MPs who squeal too loudly about the proposed constituency boundary changes risk alienating voters even further from support for the three main parties. Our current Electoral Quota, the number of electors for each MP, has been described as 'off the scale' of international democratic standards by electoral expert Dr Michael Pinto-Duschinsky. Many advanced democracies have an EQ of +/- 3%; the government proposals are more moderate, seeking to bring this within +/- 5%. It's not ideal, but a good start, and achievable before the next election.
The reported sycnchonised whine by Conservative MPs that it makes their safe seats more marginal will be welcomed by voters. Electors want their constituencies to be marginal; it means their votes matter. It makes MPs more accountable. Squealing that the moves will detract from an MP's sense of entitlement will find no echoes amongst the public. Labour MPs will whinge that the changes reverse the Brownite perversion of 'fairness' under which socialists should enjoy preferential treatment over other voters. Again, the public will see though this easily enough.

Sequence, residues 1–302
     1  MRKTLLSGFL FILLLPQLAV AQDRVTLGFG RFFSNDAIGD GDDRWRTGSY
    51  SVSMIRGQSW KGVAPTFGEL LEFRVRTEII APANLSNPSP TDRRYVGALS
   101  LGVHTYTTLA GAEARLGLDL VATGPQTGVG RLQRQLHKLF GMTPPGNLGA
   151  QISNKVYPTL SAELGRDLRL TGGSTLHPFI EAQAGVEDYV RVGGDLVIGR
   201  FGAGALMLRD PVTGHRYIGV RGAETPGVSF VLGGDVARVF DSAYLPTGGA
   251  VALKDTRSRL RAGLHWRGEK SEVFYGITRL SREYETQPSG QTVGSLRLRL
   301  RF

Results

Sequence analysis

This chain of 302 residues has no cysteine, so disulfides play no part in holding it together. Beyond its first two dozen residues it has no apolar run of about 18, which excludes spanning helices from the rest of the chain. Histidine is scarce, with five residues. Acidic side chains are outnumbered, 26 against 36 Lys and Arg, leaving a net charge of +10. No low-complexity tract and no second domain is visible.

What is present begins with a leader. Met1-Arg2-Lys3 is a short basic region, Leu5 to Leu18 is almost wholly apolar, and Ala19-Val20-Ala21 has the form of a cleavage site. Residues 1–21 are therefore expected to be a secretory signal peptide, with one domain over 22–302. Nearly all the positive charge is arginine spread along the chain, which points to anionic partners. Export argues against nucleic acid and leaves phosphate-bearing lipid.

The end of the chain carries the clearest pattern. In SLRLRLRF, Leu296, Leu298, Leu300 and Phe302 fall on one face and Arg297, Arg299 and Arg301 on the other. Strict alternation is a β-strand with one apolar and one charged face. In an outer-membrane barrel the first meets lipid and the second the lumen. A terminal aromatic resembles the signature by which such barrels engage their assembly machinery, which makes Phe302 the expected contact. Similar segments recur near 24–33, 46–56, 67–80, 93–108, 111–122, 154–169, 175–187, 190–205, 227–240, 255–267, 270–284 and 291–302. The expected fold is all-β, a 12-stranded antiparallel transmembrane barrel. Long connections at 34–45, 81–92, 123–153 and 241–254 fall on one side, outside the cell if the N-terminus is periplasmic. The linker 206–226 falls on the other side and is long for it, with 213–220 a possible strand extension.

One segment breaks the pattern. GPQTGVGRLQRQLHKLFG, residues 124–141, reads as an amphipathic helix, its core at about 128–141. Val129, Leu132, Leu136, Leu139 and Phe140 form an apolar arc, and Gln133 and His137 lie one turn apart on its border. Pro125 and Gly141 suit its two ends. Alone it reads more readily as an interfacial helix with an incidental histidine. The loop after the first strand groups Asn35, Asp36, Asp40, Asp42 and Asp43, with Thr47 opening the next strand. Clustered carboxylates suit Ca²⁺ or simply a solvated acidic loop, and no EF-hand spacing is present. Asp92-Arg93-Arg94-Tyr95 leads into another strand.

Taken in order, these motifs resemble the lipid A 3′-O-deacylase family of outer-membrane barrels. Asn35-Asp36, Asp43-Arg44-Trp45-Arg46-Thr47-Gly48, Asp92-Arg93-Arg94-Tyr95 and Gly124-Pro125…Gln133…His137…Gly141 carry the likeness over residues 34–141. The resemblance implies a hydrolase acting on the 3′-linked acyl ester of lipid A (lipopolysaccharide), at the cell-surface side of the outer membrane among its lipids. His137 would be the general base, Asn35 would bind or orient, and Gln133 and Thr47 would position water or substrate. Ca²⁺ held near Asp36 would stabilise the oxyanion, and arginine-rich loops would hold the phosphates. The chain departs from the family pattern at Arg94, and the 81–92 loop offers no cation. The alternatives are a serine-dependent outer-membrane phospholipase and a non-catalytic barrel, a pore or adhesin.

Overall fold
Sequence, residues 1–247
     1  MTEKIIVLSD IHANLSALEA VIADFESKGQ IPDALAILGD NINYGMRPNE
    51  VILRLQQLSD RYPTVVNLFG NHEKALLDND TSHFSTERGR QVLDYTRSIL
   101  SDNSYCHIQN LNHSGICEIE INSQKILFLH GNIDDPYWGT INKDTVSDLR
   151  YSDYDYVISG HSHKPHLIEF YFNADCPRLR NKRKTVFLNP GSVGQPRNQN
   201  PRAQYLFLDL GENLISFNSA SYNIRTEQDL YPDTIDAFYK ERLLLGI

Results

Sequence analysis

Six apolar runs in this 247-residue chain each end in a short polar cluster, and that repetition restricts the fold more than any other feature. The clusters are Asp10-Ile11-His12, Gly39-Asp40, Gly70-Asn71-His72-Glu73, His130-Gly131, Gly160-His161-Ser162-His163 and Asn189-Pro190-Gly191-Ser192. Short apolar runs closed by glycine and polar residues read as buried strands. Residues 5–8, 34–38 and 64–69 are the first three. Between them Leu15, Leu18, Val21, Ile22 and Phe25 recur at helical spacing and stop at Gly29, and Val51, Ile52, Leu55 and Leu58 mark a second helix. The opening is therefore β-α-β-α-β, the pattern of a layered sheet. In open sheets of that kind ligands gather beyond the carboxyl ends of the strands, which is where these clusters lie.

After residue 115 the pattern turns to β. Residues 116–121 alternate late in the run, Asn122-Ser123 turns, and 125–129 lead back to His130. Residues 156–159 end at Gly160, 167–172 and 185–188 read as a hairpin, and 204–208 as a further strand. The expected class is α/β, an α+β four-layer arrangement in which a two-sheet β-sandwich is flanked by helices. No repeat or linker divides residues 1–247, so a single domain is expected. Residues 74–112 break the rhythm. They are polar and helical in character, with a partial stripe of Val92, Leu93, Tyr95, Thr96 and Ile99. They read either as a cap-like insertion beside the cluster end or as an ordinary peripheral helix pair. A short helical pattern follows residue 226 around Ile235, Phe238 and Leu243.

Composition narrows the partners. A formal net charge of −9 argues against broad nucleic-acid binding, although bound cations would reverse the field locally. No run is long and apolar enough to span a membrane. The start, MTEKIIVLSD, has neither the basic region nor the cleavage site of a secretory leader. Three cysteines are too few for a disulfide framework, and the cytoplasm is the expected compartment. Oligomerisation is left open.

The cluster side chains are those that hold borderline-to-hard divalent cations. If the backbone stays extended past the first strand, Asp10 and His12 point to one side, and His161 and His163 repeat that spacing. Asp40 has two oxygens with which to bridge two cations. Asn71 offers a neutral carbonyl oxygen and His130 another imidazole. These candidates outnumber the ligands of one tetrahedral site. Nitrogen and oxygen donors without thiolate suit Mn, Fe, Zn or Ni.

This is another situation in which restoring public confidence in Parliament requires MPs to keep their mouths shut and get on with it. They won't, of course; their instincts for self-interest will overcome any altruistic intrusions about the greater public good.